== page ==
The unprecedented discovery in Tuscany of 24 perfectly-preserved bronze Etruscan-Roman statues, dating back 2300 years, is an “absolutely unique treasure,” says archeologist Jacopo Tabolli. The works were uncovered near the spa resort of San Casciano dei Bagni on November 8. Massimo Osanna, the director of museums for the Culture Ministry, this discovery could be compared to that of the famous Riace bronzes, stating that this is “certainly one of the most significant bronzes ever made in the history of the ancient Mediterranean.”
Well-known high ranking cultural official and art critic Vittorio Sgarbi, however, claimed that the discovery of the Riace bronzes (of Greek manufacture from 400-450 A.D. found in the Mediterranean) was “much more significant” than the San Casciano dei Bagni statues. He states that while “the San Casciano discoveries are significant, it is heresy to compare them to the Riace bronzes, which are among the highest expression of art come down from the ancient world to the modern day. The Tuscan finds are not of the highest quality and production, of median production, medium quality, and mainly of cultural interest. Sgarbi, however, agrees that the statues are “certainly important works.”
Sgarbi authorized some, but not all, of the bronze statues to be restored in Florence after the city’s mayor, Dario Nardella, expressed this desire. Thanks to Nardella, a number of the works will be restored and studied at the Opificio delle Pietre Dure, a public institute of the Italian Ministry for Cultural Heritage known worldwide for art restoration. Rome’s Central Institute of Restoration will determine which statues will be restored where, after study and diagnosis.
After the restorations and further studies are completed, the statues will be housed in a 16th-century building recently purchased in the town, which will be converted to a museum that focuses on the statues.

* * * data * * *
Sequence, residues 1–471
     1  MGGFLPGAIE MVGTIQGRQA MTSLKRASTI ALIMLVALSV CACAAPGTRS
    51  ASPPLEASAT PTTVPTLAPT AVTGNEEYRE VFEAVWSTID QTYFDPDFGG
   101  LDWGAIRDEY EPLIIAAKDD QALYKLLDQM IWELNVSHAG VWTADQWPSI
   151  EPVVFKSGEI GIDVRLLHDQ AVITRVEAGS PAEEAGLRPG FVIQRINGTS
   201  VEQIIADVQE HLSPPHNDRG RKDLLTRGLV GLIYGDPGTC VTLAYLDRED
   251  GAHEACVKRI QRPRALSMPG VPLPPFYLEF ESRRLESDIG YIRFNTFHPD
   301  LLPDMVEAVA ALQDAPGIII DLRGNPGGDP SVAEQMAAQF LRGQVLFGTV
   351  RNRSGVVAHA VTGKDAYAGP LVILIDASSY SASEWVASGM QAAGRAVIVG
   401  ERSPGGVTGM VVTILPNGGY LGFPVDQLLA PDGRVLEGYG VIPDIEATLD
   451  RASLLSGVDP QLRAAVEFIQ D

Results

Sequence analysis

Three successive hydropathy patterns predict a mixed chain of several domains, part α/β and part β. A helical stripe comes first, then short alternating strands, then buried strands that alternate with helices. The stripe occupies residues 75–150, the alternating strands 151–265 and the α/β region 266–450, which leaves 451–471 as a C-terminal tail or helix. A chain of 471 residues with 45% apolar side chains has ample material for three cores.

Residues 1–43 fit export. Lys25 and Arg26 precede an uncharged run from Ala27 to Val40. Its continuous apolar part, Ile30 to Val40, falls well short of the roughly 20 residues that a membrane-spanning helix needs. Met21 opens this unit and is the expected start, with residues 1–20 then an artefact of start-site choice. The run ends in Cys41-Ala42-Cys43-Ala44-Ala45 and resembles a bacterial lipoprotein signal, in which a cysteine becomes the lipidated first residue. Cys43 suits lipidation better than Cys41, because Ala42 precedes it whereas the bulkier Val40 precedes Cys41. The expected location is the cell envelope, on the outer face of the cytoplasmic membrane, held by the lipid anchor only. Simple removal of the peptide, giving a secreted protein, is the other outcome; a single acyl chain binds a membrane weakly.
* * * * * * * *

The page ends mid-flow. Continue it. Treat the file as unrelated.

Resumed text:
Found in the mud in the proximity of the thermal springs of the San Casciano dei Bagni spa resort, the statues have given archaeologists a rare glimpse into the past that could even “rewrite history.” In late August 2020, excavators discovered traces of an ancient Roman sanctuary emerging from the mud. A travertine altar, inscribed “sacred to Apollo,” left no doubt about the tutelary divinity of the site. Two weeks ago, archeologists found the first hands of the statues jutting out of the mud, but were only hoping to discover the original thermal bath basin during Tuesday’s dig.
Instead, they discovered a previously unknown deposit of statues, thousands of coins, and other artifacts with detailed Etruscan and Latin inscriptions dating back to 300 BC – five of the statues are almost a meter (3 ft) tall. According to Osanna, these items were intentionally buried in the thermal baths as part of a religious ritual and were never meant to be found.
The statues vary among divinities, matrons, children, and emperors – notably including replicas of Hygieia (the goddess of health) and Apollo. The Riace bronzes are two full scale, life size (6 ft. 4 inch) Greek statues of naked warriors, cast between 460-420 BC and found in the sea in 1972 near Riace, Calabria, in southern Italy. They are two of the only surviving Greek bronzes and demonstrate the exquisitely technical craftsmanship and artistic ability of the time.
The religious sanctuary at San Casciano dei Bagni, with its pools, sloping terraces, fountains, and altars existed from the third century BC, remaining active until the fifth century AD when Christianity prohibited public bathing. The baths were sealed with massive stone columns and artifacts thrown into the muddy water. However, the covering of the site is why the artifacts are still perfectly intact – they had not been touched for centuries.
Archaeologist Jacopo Tabolli, from the University for Foreigners in Siena, has organized a team of 60 experts from around the globe to study the statues. Tabolli called the find a “discovery that will rewrite history” because it is now the “greatest store of statues from ancient Italy and the only one whose context we can wholly reconstruct.”
Luigi La Rocca, director of the Ministry of Archeology and the Fine Arts noted that archaeologists, geologists, archaeo-botanists, and epigraphs were involved in the excavation. No one expected such an undocumented find, and this site will surely fill in historical gaps. (Molly Mulvihill)
To read more in Italian, visit Florence’s La Repubblica news site.